Writer Jason Ciaramella had a tough seat to fill when he took over from Eric Powell. That's not so much because the Goon writer was particularly beloved by fans of the character, but rather that he started a lot of plot points. Plot points that continued to draw on and on as each issue came out, leaving Ciaramella the hard task of addressing them in what looks to be the last few issues before the series is put on hiatus after #12. Having wrapped up the Steven Woods angle, the focus is now on the twin, psychic girls who have been appearing since Godzilla Kingdom of Monsters #3. Sadly, the climax for the story arc ends up being more monster fighting with very little meat to the story otherwise, which in itself becomes a tough sell due to the lackluster art showcased here once more from Victor Santos.
The plot of the comic kicks off right where Godzilla Kingdom of Monsters #10 left off, as Rodan and Battra, being controlled by Minette
and Mallorie, ascend on the defeated Godzilla. Sensing the creature is weak, the two girls command Rodan and Battra to carry the King of the Monsters to a nearby nuclear power plant. Once overhead, Godzilla is dropped into the facility, triggering an explosion that rejuvenates the beast...
While the story starts off with a brief reaction to the the destruction scene in Washington DC, it quickly descends into a large monster battle without much setup from this particular issue. Steven Woods, Allie and the President are all no shows here, and the book is overall probably the quickest read yet in the series as there is very little text at all. Ciaramella's style seems very clear at this point, as he favors the monster battles that were so often glossed over and felt like a secondary feature to the story Eric Powell was originally writing. Sadly, the artwork by Victor Santos is as ill placed as ever, being far too comedic and lacking details to make the writer's reliance on action feel truly satisfying. The pair feel like a poor mismatch, which which seems to only be highlighted with each new issue that features a lot of monster fighting.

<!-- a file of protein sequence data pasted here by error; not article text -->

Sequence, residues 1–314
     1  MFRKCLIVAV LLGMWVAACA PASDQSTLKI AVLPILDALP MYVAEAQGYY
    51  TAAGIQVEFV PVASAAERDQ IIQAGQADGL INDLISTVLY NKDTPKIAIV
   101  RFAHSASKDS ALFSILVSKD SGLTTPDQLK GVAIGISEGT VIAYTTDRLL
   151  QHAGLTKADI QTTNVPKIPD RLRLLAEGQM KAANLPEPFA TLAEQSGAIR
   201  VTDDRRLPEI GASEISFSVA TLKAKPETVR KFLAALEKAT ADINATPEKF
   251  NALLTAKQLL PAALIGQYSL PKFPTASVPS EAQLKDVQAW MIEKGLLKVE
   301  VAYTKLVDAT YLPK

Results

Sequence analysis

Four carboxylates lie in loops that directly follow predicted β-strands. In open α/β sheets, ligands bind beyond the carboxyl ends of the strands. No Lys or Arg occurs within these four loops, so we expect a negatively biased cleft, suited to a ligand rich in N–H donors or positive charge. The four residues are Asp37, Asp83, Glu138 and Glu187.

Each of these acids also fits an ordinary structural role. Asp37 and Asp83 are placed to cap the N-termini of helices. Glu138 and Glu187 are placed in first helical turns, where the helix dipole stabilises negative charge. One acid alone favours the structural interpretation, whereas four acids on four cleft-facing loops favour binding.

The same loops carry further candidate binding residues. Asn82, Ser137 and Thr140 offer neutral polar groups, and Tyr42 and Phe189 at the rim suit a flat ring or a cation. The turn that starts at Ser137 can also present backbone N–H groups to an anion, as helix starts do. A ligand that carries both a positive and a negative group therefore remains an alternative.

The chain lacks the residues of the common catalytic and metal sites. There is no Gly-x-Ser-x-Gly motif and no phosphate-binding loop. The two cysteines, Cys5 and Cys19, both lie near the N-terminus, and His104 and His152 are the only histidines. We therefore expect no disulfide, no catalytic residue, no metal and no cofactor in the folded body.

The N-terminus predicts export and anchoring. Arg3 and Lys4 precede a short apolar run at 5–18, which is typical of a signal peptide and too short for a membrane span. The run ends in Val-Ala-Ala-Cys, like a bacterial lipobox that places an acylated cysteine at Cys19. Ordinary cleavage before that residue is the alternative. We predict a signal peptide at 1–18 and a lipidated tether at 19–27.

I'll try to keep this review mostly spoiler free for a change, although the key word there is mostly. So skim over this paragraph to avoid them. That out of the way, this comic *seems* to conclude the
and Mallorie story line, although is very unsatisfying in execution. I say seems because its handled in a very rushed nature, with little or no fanfare for the girls in particular, and there still seems to be one more issue left before it goes on break so anything can happen. Also, on the plus side, Battra proves to be a surprisingly powerful kaiju here, which was nice to see. On the down side, Rodan proves to be just the opposite.
In terms of the covers, David Messina tackles the main one here and gives what will easily be the least appealing cover of the 11 issues so far. The girls are stretched while Godzilla is poorly drawn, looking like a rat-dog hybrid more than the King of the Monsters from the face. Messina has a very distinct pop-like style, when he isn't strictly tracing, but even then this is a misfire. As for the character cover, Matt delivers an excellent shot of Titanosaurus with a great view of the head and an impressive cyclone in the background to subtly draw one's attention. It may not be incredibly faithful to the movie counterpart's proportions, but is impressive to see and harks back to the company's far better Godzilla Legends #3 that was released this same month.
Overall, there is one issue left before the series goes on break and its not winning any favors from this recent, simplistic turn of events. It seems pretty certain that many of the plot points will likely never be resolved, such as the whole mass animal death whenever a monster first appeared, the Shobijin appearing for one page to comment on Battra, Kumonga going unused after briefly showing up, and the man who seemed to have discovered the root of all this before Rodan had killed him. Still, one issue to go before the hiatus and anything can happen so hopefully a few of those are meant with some sort of resolution, although I'm now far more interested in how Godzilla Legends progresses at this stage.